Opinion: Responsible regulations do not kill jobs, but corporations always say they will
Here’s a question: Which of the common sense environmental protections being considered in the New Mexico Legislature right now are corporations and their trade groups in favor of?
Take your time.
Here’s the answer: None.
And it’s always the same answer.
Should we stop the wholesale slaughter of exotic birds? No.
Should we stop clearcutting forests? Nope. Stop polluting rivers? Put seatbelts in cars? Require the capture of methane emissions? No, no, no.
So, when we think of asking state agencies to conduct an environmental review before plunging into potentially destructive and harmful development, we already know what the corporate/lobby guys are going to say… Oh, hell no.
Industry con-arguments to regulatory protections are always the same: It’ll kill jobs. They want to say it will kill executive bonuses, but it sounds better to say it will kill jobs.
Industry predictions are always the same: We’ll move out of state and never come back.
But that hasn’t happened, has it? Each law that has been passed despite those old loud threats has not ruined our economy. Most other states have much more stringent environmental laws than New Mexico and almost every other state’s economy is doing better than New Mexico’s.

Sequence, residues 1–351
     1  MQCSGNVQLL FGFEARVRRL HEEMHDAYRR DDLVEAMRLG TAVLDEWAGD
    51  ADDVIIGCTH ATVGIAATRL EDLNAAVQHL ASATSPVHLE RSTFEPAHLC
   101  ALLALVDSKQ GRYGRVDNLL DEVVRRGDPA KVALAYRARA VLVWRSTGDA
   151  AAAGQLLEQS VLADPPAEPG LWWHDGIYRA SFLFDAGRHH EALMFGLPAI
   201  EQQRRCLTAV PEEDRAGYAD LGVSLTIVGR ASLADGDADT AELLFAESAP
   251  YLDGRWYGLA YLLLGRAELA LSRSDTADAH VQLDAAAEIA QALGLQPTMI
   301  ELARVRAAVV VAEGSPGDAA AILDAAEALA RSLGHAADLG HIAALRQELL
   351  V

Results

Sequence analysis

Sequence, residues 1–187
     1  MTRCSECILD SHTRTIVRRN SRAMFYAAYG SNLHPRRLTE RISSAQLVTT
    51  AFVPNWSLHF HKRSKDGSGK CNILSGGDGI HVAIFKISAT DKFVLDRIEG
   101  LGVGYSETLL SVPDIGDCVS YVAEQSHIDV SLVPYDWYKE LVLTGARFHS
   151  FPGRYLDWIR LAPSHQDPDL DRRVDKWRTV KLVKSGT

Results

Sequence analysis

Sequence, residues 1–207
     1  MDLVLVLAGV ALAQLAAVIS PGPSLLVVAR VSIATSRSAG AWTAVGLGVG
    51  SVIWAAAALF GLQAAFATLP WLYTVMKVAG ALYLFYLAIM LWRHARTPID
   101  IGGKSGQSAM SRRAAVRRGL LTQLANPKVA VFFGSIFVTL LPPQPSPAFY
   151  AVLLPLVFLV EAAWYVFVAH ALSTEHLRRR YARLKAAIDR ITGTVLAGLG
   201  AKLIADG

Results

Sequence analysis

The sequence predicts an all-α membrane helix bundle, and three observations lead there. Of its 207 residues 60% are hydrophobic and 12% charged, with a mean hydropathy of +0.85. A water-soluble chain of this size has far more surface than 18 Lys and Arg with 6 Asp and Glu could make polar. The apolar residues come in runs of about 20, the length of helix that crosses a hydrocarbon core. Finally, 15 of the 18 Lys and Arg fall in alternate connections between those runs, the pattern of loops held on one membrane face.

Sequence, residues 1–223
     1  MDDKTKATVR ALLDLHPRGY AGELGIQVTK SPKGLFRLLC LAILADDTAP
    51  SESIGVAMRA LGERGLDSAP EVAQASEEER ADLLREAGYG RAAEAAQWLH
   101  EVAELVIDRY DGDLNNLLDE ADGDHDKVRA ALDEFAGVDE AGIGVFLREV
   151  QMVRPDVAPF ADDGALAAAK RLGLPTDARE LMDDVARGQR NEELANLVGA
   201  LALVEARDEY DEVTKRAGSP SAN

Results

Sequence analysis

When you have as many grandchildren as I do, you understand that the most important thing we can do is ensure a healthy future for generations to come.
In its Feb.21 Editorial: “Project Review, Fracking Ban Means NM Closed for Business,” Albuquerque Journal editors buy wholesale the corporate/lobby PR campaign, put up a ‘Closed for Business’ billboard in their headline and then wrap up with the classic, yes, beauty is nice, but it’ll kill jobs so it’s not worth it.
Yet the Journal reports daily on destructive and harmful developments around our state that the commonsense protections in the Environmental Review Act seek to prevent: a subdivision in Hobbs built on an oil and gas waste site; a large underground gas plume in the South Valley threatening the Rio Grande and drinking water supplies; a gasoline additive polluting a water association’s only supply in Watrous; polluted water wells in Grants; the brine well disaster in Carlsbad; explosions and fuel escape in Las Cruces, and on and on.
Can the Journal editors not see the connection? The irony? Why even report those stories if not to spur lawmakers to do something to prevent more of them?
House Bill 206 is a carefully researched collaboration by sponsors Rep. Gail Chasey and Sen. Mimi Stewart that sets out a clear path to ensure that we don’t keep making the same mistakes over and over again. That we learn from the past. That we recognize we are making New Mexico’s future right now.
In the end, I believe legislators will choose to stand up for commonsense protections to prevent destructive and harmful development; legislators will stand with the 74 percent of New Mexicans that support legislation like this. They will join the 18 other states, and the federal government doing same kind of careful analysis HB 206 calls for as we try to protect New Mexico’s citizens and lands from harm.
Don Schreiber has been a rancher and environmental advocate in Rio Arriba County for 20 years.